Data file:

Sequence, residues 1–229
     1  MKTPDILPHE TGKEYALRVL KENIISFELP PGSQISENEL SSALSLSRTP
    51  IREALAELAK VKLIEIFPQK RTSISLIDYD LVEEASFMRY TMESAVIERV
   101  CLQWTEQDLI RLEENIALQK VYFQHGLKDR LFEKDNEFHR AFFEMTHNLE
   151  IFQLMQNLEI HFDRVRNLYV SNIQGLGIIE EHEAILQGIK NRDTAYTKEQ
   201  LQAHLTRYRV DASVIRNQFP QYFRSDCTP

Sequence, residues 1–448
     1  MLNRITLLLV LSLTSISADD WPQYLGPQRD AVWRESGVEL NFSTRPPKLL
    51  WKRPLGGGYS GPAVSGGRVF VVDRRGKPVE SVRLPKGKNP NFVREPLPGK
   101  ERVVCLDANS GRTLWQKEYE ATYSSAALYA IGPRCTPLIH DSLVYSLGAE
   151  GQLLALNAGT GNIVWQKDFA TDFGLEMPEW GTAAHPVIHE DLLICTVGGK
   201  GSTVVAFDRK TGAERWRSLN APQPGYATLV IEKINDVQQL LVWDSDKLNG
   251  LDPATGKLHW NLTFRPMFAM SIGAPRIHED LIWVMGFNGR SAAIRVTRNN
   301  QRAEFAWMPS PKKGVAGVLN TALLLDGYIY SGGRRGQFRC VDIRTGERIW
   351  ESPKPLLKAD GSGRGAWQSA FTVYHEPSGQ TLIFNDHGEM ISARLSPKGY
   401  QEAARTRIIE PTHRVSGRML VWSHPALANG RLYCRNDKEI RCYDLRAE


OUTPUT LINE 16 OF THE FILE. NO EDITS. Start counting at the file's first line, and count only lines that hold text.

   401  QEAARTRIIE PTHRVSGRML VWSHPALANG RLYCRNDKEI RCYDLRAE